Now the Itanium itself is sinking from irrelevancy. It took too long. This chip was a disaster. Glad to see it go.
Google Wave was only useful to me if I could trust 100% of the participants in the Wave. Yes, yes, there is a roll-back to undo damage. Not good enough.
If I had a group of Internet participants, that absolutely wasn't the case. There was no in-between. Either you trusted someone and they could do almost anything, or you didn't. And damage was extremely easy to do. There wasn't anything else that I could find, like moderator pre-approval.
Public groups were too much trouble under Google wave. A group of students collaborating on a private assignment? Not so much.
Disregard that. I now see you were talking about ATI's announcement.
An announcement without a release? I just bought one at Newegg. They have quite a large variety of GTX 460 cards available.
Support from Garmin support:
--- On Tue, 2/10/09, Product.Support@garmin.com wrote:
Subject: Re: Disable tracklog RECORDING feature in Garmin Nuvi 255w (KMMxxxxx)
Thank you for contacting Garmin International. Unfortunately you will have to clear the trip log manually.
With Best Regards,
Product Support Specialist
913-440-8280 (fax) Att: Jonathan P
Original Message Follows:
Knowledge Job Ticket:
Knowledge Session Log URL:
Disable tracklog RECORDING feature in Garmin Nuvi 255w
I see that there is a feature to hide the tracklog. There is also a feature to erase the current tracklog. If someone is concerned about privacy, is there a feature on the Garmin Nuvi 255w to make it simply not write the tracklog information out, so it doesn't need to be regularly erased?
On the Road
Wow. Lots of poo-pooing. But partially my fault.
A clarification (since there are so many Garmin models): the Garmin Nuvi line is what I had in mind. That would be the line that is aimed at automotive market (which related to the topic). Sample models would be 260, 265, 780, 255, 200, 205, and all the widescreen variants.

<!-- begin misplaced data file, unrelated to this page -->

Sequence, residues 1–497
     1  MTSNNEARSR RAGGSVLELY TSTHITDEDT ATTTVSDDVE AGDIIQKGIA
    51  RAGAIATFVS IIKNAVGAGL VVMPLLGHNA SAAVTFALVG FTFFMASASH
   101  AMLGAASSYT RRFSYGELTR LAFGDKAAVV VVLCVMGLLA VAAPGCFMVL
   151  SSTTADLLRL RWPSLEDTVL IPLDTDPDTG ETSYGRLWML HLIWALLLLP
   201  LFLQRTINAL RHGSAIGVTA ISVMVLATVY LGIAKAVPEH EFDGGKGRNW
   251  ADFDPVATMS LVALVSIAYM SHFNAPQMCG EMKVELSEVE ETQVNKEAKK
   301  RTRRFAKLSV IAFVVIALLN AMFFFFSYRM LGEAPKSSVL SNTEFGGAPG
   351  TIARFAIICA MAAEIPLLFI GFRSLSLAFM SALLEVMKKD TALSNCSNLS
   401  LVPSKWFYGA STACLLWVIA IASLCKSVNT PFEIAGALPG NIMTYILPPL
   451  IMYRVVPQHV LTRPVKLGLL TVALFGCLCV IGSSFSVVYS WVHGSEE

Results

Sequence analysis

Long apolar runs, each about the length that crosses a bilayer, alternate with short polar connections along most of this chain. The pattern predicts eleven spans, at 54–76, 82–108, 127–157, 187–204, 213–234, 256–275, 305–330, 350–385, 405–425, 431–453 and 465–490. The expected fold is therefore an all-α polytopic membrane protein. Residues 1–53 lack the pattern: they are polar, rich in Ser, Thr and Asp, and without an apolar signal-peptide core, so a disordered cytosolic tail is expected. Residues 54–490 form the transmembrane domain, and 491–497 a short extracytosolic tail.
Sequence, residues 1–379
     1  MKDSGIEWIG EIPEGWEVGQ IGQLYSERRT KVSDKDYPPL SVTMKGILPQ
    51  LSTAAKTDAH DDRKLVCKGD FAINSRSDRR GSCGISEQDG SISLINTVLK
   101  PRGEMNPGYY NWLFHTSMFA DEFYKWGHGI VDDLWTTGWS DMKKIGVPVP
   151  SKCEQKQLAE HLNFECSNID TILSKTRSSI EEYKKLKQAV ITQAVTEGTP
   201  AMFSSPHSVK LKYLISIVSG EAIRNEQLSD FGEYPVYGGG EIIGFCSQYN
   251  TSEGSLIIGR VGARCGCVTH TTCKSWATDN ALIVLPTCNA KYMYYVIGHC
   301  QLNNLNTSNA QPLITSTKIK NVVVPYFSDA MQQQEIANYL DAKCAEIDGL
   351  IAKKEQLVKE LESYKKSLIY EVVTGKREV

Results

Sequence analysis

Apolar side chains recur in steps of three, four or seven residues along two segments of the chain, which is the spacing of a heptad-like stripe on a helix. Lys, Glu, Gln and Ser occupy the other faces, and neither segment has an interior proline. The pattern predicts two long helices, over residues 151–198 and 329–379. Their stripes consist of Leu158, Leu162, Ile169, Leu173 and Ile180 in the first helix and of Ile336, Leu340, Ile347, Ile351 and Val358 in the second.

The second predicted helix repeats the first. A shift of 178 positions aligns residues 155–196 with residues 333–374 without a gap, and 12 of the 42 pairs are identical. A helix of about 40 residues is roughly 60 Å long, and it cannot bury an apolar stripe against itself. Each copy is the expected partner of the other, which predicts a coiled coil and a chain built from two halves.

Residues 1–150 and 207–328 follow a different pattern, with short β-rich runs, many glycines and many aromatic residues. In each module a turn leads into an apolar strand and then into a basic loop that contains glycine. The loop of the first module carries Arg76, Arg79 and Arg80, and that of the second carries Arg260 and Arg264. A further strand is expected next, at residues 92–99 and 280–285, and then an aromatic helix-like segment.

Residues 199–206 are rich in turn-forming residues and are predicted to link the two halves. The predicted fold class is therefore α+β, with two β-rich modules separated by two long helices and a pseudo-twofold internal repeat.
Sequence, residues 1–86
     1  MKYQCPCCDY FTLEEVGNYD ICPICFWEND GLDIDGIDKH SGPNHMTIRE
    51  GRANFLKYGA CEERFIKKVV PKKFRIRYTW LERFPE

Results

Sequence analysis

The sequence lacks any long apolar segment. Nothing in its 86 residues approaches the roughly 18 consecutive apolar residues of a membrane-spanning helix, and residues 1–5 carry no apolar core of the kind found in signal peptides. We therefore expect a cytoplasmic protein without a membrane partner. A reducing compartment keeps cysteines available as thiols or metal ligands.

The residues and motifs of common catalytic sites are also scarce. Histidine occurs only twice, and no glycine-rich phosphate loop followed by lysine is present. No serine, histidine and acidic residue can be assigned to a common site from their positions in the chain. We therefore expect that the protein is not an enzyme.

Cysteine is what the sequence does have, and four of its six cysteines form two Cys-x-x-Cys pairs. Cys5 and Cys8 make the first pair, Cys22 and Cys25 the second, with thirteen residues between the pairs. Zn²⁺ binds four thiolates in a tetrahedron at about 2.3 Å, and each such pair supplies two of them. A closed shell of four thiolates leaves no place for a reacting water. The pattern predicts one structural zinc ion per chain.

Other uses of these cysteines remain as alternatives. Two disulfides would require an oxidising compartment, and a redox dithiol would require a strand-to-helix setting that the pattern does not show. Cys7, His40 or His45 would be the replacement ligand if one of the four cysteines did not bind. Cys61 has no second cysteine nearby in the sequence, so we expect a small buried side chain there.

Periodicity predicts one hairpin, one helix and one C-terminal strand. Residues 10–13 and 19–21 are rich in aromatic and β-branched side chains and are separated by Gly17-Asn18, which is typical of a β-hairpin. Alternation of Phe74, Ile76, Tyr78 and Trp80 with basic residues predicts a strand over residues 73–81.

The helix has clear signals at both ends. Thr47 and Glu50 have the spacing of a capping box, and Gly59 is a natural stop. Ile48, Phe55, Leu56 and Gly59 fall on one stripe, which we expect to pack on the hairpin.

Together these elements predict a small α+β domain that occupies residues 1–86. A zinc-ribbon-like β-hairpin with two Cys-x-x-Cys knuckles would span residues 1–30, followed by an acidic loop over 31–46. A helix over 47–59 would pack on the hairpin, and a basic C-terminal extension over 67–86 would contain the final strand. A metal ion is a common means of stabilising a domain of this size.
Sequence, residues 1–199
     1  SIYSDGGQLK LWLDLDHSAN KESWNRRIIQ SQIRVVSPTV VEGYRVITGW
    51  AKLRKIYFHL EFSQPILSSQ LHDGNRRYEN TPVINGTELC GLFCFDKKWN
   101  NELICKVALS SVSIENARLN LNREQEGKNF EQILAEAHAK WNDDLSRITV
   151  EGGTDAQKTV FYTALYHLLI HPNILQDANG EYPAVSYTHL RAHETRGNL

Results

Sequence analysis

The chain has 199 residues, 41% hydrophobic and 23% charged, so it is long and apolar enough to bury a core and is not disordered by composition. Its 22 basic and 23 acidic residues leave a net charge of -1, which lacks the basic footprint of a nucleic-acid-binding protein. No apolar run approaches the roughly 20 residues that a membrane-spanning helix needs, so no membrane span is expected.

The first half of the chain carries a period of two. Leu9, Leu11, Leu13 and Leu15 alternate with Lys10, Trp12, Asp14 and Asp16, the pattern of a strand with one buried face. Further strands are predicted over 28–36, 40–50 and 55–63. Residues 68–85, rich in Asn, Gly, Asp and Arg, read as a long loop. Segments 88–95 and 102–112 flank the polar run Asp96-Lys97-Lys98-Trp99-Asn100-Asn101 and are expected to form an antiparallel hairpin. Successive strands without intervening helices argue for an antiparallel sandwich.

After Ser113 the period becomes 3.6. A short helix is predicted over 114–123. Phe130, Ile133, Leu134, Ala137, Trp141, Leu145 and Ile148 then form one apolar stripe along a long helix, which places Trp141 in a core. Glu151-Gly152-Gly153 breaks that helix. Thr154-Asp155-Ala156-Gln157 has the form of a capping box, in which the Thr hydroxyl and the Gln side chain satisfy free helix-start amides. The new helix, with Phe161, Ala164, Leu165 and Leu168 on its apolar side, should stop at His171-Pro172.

There is no way to turn of tracking on these standard automobile models. Someone mentioned the 60csx, which is a handheld unit and not aimed at the automotive market. Same with the GPSmap60csx.
Someone else asked how you convert the hidden garmin log to a useful format. It is an XML file called "Garmin/GPX/current.gpx". An very small sample of (personal) data in my unit. Yes, Google Earth can import the whole file and show you all the recorded trip information.
BTW, if I was a law enforcement officer, or a lawyer, a Garmin Nuvi would be a prime target for a search or subpoena.
(greater/less than symbols changed so that they are not interpret as HTML)
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If you've got a halfway modern Garmin GPS, you have already been collecting the very data that this project is working for. What? Your GPS is logging you without permission? Yes. (Garmin probably got some legalese somewhere to cover their tracks.)
The Garmin GPS has a facility to show/hide your 'trail' (which is based on a time/location log of your travel). I believe it also has an option to reset that log. (Or, at the very least, you could USB mount its storage device and clean out the log file.) But even if you erase the log file, it will automatically repopulate your travel log, with or without your permission. There is no built-in option to prevent this behavior.
In short, a Garmin GPS *is* a GPS tracking device that your willingly put inside of your own vehicle, and is ready to report your travel history at any time.
I have personally verified this information with Garmin's technical support. You cannot disable GPS logging. Could be a plus for this project, though.
Some programming languages manage to absorb change, but withstand progress. -- Epigrams in Programming, ACM SIGPLAN Sept. 1982